8. Primordial Li abundance and massive particles

    SciTech Connect (OSTI)

    Latin-Capital-Letter-Eth apo, H.

    2012-10-20

    The problem of the observed lithium abundance coming from the Big Bang Nucleosynthesis is as of yet unsolved. One of the proposed solutions is including relic massive particles into the Big Bang Nucleosynthesis. We investigated the effects of such particles on {sup 4}HeX{sup -}+{sup 2}H{yields}{sup 6}Li+X{sup -}, where the X{sup -} is the negatively charged massive particle. We demonstrate the dominance of long-range part of the potential on the cross-section.

  9. MEASUREMENTS OF ABSOLUTE ABUNDANCES IN SOLAR FLARES

    SciTech Connect (OSTI)

    Warren, Harry P. [Space Science Division, Naval Research Laboratory, Washington, DC 20375 (United States)

    2014-05-01

    We present measurements of elemental abundances in solar flares with the EUV Variability Experiment (EVE) on the Solar Dynamics Observatory. EVE observes both high temperature Fe emission lines (Fe XV-Fe XXIV) and continuum emission from thermal bremsstrahlung that is proportional to the abundance of H. By comparing the relative intensities of line and continuum emission it is possible to determine the enrichment of the flare plasma relative to the composition of the photosphere. This is the first ionization potential or FIP bias (f). Since thermal bremsstrahlung at EUV wavelengths is relatively insensitive to the electron temperature, it is important to account for the distribution of electron temperatures in the emitting plasma. We accomplish this by using the observed spectra to infer the differential emission measure distribution and FIP bias simultaneously. In each of the 21 flares that we analyze we find that the observed composition is close to photospheric. The mean FIP bias in our sample is f = 1.17 0.22. This analysis suggests that the bulk of the plasma evaporated during a flare comes from deep in the chromosphere, below the region where elemental fractionation occurs.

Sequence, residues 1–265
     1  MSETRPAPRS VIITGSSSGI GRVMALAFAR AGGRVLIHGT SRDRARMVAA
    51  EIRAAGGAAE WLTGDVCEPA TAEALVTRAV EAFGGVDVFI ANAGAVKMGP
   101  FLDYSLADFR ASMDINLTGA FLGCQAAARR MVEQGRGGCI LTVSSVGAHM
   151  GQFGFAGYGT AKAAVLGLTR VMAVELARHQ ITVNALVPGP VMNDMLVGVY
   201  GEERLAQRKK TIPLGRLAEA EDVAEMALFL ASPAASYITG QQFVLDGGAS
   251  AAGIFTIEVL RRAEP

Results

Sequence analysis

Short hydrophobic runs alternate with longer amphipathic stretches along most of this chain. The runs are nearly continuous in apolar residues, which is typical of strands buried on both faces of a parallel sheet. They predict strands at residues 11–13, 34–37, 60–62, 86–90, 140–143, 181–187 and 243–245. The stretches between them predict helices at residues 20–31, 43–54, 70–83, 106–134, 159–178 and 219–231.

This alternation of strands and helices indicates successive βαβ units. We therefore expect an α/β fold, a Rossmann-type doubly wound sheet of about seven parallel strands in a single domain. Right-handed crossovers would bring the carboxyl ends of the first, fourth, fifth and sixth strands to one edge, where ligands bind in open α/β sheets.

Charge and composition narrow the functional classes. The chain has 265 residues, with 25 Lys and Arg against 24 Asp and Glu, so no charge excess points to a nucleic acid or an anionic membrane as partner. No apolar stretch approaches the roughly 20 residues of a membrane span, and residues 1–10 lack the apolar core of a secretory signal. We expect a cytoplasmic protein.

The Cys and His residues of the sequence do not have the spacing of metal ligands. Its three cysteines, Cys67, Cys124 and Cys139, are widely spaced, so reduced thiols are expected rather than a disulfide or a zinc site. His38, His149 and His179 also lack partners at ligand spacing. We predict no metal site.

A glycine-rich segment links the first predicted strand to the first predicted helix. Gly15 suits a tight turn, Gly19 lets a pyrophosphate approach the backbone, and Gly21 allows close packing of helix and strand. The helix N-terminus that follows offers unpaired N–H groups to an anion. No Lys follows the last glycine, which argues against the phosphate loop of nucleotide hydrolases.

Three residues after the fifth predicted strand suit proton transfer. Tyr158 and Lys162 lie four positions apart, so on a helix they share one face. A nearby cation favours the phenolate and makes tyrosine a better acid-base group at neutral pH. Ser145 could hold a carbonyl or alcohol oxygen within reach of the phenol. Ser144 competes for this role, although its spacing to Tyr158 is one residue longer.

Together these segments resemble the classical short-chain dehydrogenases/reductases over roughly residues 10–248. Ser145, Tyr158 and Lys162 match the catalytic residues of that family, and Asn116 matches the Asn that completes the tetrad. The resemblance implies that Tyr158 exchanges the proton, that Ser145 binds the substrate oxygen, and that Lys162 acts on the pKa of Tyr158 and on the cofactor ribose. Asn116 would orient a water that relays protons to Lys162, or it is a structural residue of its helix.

10. Stellar abundances in the solar neighborhood: The Hypatia Catalog (Journal

    Office of Scientific and Technical Information (OSTI)

    Article) | SciTech Connect Stellar abundances in the solar neighborhood: The Hypatia Catalog Citation Details In-Document Search Title: Stellar abundances in the solar neighborhood: The Hypatia Catalog We compile spectroscopic abundance data from 84 literature sources for 50 elements across 3058 stars in the solar neighborhood, within 150 pc of the Sun, to produce the Hypatia Catalog. We evaluate the variability of the spread in abundance measurements reported for the same star by different

  11. High-Performance Thermoelectric Devices Based on Abundant Silicide...

    Office of Energy Efficiency and Renewable Energy (EERE) Indexed Site

    Development of high-performance thermoelectric devices for vehicle waste heat recovery will include fundamental research to use abundant promising low-cost thermoelectric...

  12. Discovery of bridgmanite, the most abundant mineral in Earth...

    Office of Scientific and Technical Information (OSTI)

    SciTech Connect Search Results Journal Article: Discovery of bridgmanite, the most abundant mineral in Earth, in a shocked meteorite Citation Details In-Document Search Title: ...

  13. The lithium abundances of a large sample of red giants

    SciTech Connect (OSTI)

    Liu, Y. J.; Tan, K. F.; Wang, L.; Zhao, G.; Li, H. N.; Sato, Bun'ei; Takeda, Y. E-mail: gzhao@nao.cas.cn

    2014-04-20

    The lithium abundances for 378 G/K giants are derived with non-local thermodynamic equilibrium correction considered. Among these are 23 stars that host planetary systems. The lithium abundance is investigated, as a function of metallicity, effective temperature, and rotational velocity, as well as the impact of a giant planet on G/K giants. The results show that the lithium abundance is a function of metallicity and effective temperature. The lithium abundance has no correlation with rotational velocity at v sin i < 10 km s{sup 1}. Giants with planets present lower lithium abundance and slow rotational velocity (v sin i < 4 km s{sup 1}). Our sample includes three Li-rich G/K giants, 36 Li-normal stars, and 339 Li-depleted stars. The fraction of Li-rich stars in this sample agrees with the general rate of less than 1% in the literature, and the stars that show normal amounts of Li are supposed to possess the same abundance at the current interstellar medium. For the Li-depleted giants, Li-deficiency may have already taken place at the main sequence stage for many intermediate mass (1.5-5 M {sub ?}) G/K giants. Finally, we present the lithium abundance and kinematic parameters for an enlarged sample of 565 giants using a compilation of the literature, and confirm that the lithium abundance is a function of metallicity and effective temperature. With the enlarged sample, we investigate the differences between the lithium abundance in thin-/thick-disk giants, which indicate that the lithium abundance in thick-disk giants is more depleted than that in thin-disk giants.